Within the initiative The Year of Social Change, the International Center of Photography (ICP), a leading center dedicated to visual culture and photography, prepared an exhibition of Magnum photos, titled Magnum Manifesto. The event will celebrate the 70th anniversary of the renowned Magnum Photos Collective. Highlighting the ICP’s long-standing support for the engaged photography with social and historic impact, the exhibition offers another look at significance of the medium of photography in contemporary world. Its ability to record important historical events as well as aspects of cultural history has drawn curators of the show, Clément Chéroux, Clara Bouveresse, Pauline Vermare to the Magnum collection, and its rich photo archive. Magnum Manifesto focuses on the history of the second half of the 20th century, through the lenses of 75 world-renowned photographers.
How would we remember the 20th century, if not through some of the best photos that captured it, and that entered our collective visual memory. Not just a look in the past, the Magnum Manifesto is also a show that traces the ideas and ideals behind the founding and development of the Magnum collective. The collective was founded by Robert Capa, Henri Cartier-Bresson, Maria Eisner, George Rodger, Chim (David Seymour), and Rita and William Vandivert in 1947. As Clément Chéroux explains, the Magnum archive contains “all the histories of the world” shown in their great events; in moments of magic or symbolic significance; through the laughter and violence. It is a reconstruction of the “entire range of human experience” and thus an invaluable source for exploration of the past.
The exhibition of Magnum photos at ICP will be divided in three parts, each part representing a different historical period. The first part, titled Human Rights and Wrongs focuses on the period between 1947 and 1968. It shows photographs that emphasize ideals of community and utopianism in the post-war world. The centerpiece of the section is the RFK Funeral Train series by Paul Fusco. The second part, An Inventory of Differences, turns its lenses to period between 1969 and 1989. With the world slowly fragmenting, the photographic lens captures subcultures, minorities, and outsiders. The last section, Stories about Ending, continues to capture the world in flux and under threat, in the period between 1990 and 2017. Some of the photographs include Thomas Dworzak’s images of the Taliban, Alessandra Sanguinetti’s images created after the terrorist attacks in Nice, and Donovan Wyile’s Maze series.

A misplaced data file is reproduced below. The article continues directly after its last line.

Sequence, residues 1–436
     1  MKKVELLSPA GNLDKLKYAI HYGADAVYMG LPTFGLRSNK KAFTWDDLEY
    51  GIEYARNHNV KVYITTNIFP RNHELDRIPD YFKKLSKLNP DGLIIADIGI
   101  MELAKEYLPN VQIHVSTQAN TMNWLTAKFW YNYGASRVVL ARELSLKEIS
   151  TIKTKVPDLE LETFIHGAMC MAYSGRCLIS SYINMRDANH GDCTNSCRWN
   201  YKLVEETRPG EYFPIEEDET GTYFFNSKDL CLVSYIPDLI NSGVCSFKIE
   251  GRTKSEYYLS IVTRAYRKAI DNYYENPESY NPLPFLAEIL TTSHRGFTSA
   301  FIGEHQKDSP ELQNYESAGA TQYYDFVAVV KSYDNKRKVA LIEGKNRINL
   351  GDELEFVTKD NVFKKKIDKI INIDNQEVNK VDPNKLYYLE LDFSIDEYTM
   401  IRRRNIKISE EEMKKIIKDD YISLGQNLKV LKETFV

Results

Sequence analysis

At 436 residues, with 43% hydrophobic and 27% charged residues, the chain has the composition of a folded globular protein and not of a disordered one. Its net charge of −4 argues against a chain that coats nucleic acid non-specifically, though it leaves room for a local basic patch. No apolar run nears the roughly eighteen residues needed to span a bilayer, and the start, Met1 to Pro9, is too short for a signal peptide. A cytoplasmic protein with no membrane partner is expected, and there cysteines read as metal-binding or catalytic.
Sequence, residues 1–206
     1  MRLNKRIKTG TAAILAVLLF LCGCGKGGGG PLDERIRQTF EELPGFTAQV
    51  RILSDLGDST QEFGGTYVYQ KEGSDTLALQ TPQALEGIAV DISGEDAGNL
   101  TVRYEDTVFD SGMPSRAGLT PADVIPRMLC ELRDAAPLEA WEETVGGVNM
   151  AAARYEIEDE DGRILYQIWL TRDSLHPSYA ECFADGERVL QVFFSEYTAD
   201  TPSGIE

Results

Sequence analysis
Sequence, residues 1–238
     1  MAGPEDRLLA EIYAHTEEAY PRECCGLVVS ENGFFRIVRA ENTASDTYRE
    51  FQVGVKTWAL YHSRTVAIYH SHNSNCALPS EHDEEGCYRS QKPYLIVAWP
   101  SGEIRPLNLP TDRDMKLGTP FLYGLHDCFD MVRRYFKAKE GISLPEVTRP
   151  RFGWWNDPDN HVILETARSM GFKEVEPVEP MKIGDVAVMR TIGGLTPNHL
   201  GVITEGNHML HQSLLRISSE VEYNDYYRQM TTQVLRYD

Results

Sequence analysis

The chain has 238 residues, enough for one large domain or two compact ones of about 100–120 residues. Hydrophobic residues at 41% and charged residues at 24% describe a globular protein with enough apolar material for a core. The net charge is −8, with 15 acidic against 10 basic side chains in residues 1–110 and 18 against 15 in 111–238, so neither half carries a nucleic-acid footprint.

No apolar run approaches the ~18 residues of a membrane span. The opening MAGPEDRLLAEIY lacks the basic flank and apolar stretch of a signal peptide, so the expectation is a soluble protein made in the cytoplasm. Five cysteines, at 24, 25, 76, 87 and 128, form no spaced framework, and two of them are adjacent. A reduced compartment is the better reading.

The Magnum Manifesto exhibition will feature an impressive number of group and individual projects, including more than 250 prints; more than 130 books, videos, magazines, photographs, and rarely-seen archival documents, and 300 projected photographs. Among the artists that will be represented are Christopher Anderson, Jonas Bendiksen, Henri Cartier Bresson, Cornell and Robert Capa, Chim, Raymond Depardon, Elliott Erwitt, Bieke Depoorter, Martine Franck, Leonard Freed, Paul Fusco, Cristina Garcia Rodero, Burt Glinn, Jim Goldberg, Joseph Koudelka, Sergio Larrain, Wayne Miller, Susan Meiselas, Martin Parr, Marc Riboud, Alessandra Sanguinetti, Eugene W. Smith, Alec Soth, Chris Steele-Perkins, Mikhael Subotzky, Dennis Stock, and Alex Webb.
The exhibitions of Magnum photos at the International Center of Photography (ICP), 250 Bowery, New York, NY, opens on May 26th and can be seen until September 3rd, 2017. The media preview is scheduled for Wednesday, May 24th from 11am to 2pm.
Featured images: Christopher Anderson - Cherries spilled on crosswalk, New York City, USA, 2014© Christopher Anderson/Magnum Photos; Marc Riboud - A young girl confronts the American National Guard outside the Pentagon during the 1967 anti-Vietnam march, Washington DC, USA © Marc Riboud/Magnum Photos; Olivia Arthur - Dubai Creek, Dubai, UAE, 2013 © Olivia Arthur/Magnum Photos. All images courtesy of the ICP.